NAIROBI, Kenya — Kenyan opposition leader Raila Odinga on Tuesday shocked the country by withdrawing his candidacy for the fresh presidential election ordered by the Supreme Court, saying the election commission has not made changes to avoid the “irregularities and illegalities” cited in the nullified August vote.
Odinga’s legal challenge of vote-rigging had led the court to nullify the election that President Uhuru Kenyatta won with 54 percent of ballots. It was the first time a court had overturned the results of a presidential election in Africa. The court on Sept. 1 ordered a new election within 60 days. It is set for Oct. 26.
Odinga’s withdrawal created confusion in East Africa’s largest economy, with observers wondering how the new election might go forward.
Kenyatta said the election will go ahead, telling supporters that “there is nowhere the constitution says Raila Amollo Odinga has to be on the ballot.”
The election commission said on Twitter it was meeting with its legal team and “will communicate way forward.”
Odinga told supporters that Kenya’s election commission had “stonewalled meaningful deliberations” on reforms to ensure a credible vote. He warned that the upcoming election could be run worse than the first one, and he called for countrywide protests to urge reforms. The opposition called for protests Wednesday at the election commission headquarters.
In response, the commission tweeted a letter it sent Tuesday to Odinga’s opposition coalition saying “we have taken the necessary steps to guarantee the integrity of the fresh presidential elections.”
Analysts said Odinga’s withdrawal brings “constitutional uncertainty.”
Based on the Supreme Court’s decision, Kenyatta cannot run alone on the ballot or be sworn in automatically, said Ndungu Wainaina, executive director of the International Center for Policy and Conflict. The court ordered a fresh election between the original candidates of the Aug. 8 poll, and if that does not take place the court will annul results of the new vote because it did not abide by the order, he said.
Kenya is in “uncharted waters,” said Murithi Mutiga, senior analyst with the International Crisis Group. “The constitution is silent about what happens if the presidential election doesn’t take place after the court annuls the elections,” he said.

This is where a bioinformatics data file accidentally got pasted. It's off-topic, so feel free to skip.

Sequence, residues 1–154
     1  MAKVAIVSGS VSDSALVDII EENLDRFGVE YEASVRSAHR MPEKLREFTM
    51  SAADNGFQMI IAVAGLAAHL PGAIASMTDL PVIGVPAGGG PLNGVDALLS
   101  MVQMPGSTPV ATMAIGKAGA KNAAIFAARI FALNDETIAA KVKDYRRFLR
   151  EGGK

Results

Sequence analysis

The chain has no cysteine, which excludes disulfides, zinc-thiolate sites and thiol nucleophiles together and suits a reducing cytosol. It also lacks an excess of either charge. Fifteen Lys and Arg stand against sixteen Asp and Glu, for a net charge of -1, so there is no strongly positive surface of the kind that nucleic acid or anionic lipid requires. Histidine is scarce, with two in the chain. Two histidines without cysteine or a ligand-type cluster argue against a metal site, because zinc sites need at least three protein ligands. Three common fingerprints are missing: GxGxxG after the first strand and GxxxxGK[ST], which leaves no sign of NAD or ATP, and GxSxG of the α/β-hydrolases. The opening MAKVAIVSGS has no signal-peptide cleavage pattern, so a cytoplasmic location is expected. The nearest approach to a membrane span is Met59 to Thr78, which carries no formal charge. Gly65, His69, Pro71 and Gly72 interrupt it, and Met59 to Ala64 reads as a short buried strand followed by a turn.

The public has been exhausted and polarized by the drawn-out campaign, he said. “Both the opposition and ruling party need to show greater responsibility to find a settlement that allows the country to move.”
Kenyatta must stop being a candidate and provide leadership, said lawyer George Kegoro, executive director of the Kenya Human Rights Commission. “We have entered into constitutional uncertainty. Uhuru Kenyatta has to wear his other cap as president and become the arbiter.”
The court in nullifying the August election cited illegalities and the election commission’s refusal to allow scrutiny of its computer system, saying the commission failed to disprove Odinga’s claim that hackers infiltrated the servers and manipulated the vote.
Kenyatta, called the Supreme Court judges “crooks” after their ruling, has said he does not want changes to the election commission. His Jubilee Party has instead used its parliamentary majority to push for changes in the electoral law ahead of the Oct. 26 vote.
The opposition says the changes are meant to make the transmission of election results a manual process that would have fewer safeguards against fraud and would make it more difficult for the court to annul an election.
“The only election the Jubilee administration is interested in is one that it must win, even unlawfully,” Odinga said.
Kenyatta has said that even if Odinga won the new election, the ruling party’s majority in parliament would impeach him.
The election had been seen as the last try at the presidency for the 72-year-old Odinga, a longtime candidate and the son of Kenya’s first vice president. He and Kenyatta, the son of Kenya’s first president, also faced off in a 2013 election marred by opposition allegations of vote-rigging.